Last week we were blessed <sarcastic> with a deluge of rain and His Highness decided standing in the puddle at the uncovered end of his paddock was a good idea. The false sole that had packed in began exfoliating and Topper was pretty sensitive over the rocks. Easyboot Gloves to the rescue! After a thorough cleaning, out came my old friends, Easyboot Glove Wides, came out and immediately Topper strode out over the rocks like they always do with their boots. Everyone should have a pair for those "just in case" moments. I left his boots on overnight, and the next day, he was comfortable bare. It's all about having the right tools, at the right times. 

Some of our walk-abouts are over some pretty decent rock. Who would have thought boots might be needed around the barn!

I'm curious to see what the next couple weeks hold for us at our temporary home. Even bigger changes ahead, but we'll be ready for whatever comes! How do you deal with the changes from stall to harder footing at your barn? 

The Caudal Foot

A big and healthy frog is desirable, but why? What is hiding above it and what makes it so important?

This nice specimen of a big frog on this Irish Cobb stands in stark contrast to the narrow and underdeveloped frog below:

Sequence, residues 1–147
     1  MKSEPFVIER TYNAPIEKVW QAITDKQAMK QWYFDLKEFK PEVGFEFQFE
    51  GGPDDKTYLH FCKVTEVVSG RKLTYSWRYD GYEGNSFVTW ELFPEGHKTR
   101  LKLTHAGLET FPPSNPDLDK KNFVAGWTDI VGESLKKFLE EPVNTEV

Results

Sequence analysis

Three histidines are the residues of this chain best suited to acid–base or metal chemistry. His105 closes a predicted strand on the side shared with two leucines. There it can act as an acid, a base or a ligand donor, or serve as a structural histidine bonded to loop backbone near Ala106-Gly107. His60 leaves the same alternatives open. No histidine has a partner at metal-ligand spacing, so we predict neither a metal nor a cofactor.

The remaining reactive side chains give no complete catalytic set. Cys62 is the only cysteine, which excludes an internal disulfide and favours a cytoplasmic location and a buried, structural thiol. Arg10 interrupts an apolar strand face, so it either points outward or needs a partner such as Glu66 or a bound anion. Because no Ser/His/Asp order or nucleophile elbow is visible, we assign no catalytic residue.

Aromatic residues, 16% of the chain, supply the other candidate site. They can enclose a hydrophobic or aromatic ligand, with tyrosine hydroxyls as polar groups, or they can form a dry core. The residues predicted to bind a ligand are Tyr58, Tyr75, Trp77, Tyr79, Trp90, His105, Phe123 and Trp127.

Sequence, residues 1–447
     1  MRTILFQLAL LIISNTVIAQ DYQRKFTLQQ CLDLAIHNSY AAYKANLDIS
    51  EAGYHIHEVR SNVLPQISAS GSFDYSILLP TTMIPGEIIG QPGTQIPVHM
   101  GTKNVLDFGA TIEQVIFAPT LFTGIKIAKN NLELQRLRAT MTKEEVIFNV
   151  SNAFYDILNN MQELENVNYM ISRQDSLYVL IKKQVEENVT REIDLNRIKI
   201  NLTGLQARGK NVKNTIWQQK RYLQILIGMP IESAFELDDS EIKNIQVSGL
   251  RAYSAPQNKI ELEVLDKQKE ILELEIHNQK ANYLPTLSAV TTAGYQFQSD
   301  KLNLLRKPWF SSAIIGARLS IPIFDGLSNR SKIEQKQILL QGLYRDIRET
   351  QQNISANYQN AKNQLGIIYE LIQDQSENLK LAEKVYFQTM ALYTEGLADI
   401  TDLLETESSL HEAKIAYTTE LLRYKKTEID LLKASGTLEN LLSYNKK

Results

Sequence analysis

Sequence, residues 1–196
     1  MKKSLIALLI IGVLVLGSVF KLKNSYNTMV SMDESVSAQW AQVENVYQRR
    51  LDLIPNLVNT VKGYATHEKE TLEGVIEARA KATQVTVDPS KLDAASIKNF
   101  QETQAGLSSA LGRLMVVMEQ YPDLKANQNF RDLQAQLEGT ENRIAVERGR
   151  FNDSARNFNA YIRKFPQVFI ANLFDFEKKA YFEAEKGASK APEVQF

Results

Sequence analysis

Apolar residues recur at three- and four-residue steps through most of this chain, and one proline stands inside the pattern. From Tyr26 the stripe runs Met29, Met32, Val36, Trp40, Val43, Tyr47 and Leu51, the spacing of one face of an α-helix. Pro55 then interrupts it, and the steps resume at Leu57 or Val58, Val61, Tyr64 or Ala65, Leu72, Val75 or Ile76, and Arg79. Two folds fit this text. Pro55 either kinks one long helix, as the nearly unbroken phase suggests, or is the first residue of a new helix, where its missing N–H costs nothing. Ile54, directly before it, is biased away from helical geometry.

The caudal or plantar foot (back half) is designed to not only support the weight of the horse and distribute it within the foot, but also absorb the landing force of the moving horse which can be 10 greater than the mere weight of the animal.

To understand the importance of form and function of the frog, let's have a look inside the hoof capsule, more specific, the inside just above the frog.

Rear view of the interior of the horse hoof (From the Glass Horse).

The collateral cartilages are composed of hyaline cartilage with vascular channels inside for energy dissipation, while the digital cushion consists mostly of fibrocartilage.

With continuous stimulation (through the frog's ground contact) and exercise, these tissues will adapt and become bigger and thicker, as more collagen is deposited within them, thus developing a fibrocartilaginous tissue of glycoproteins and proteoglycans.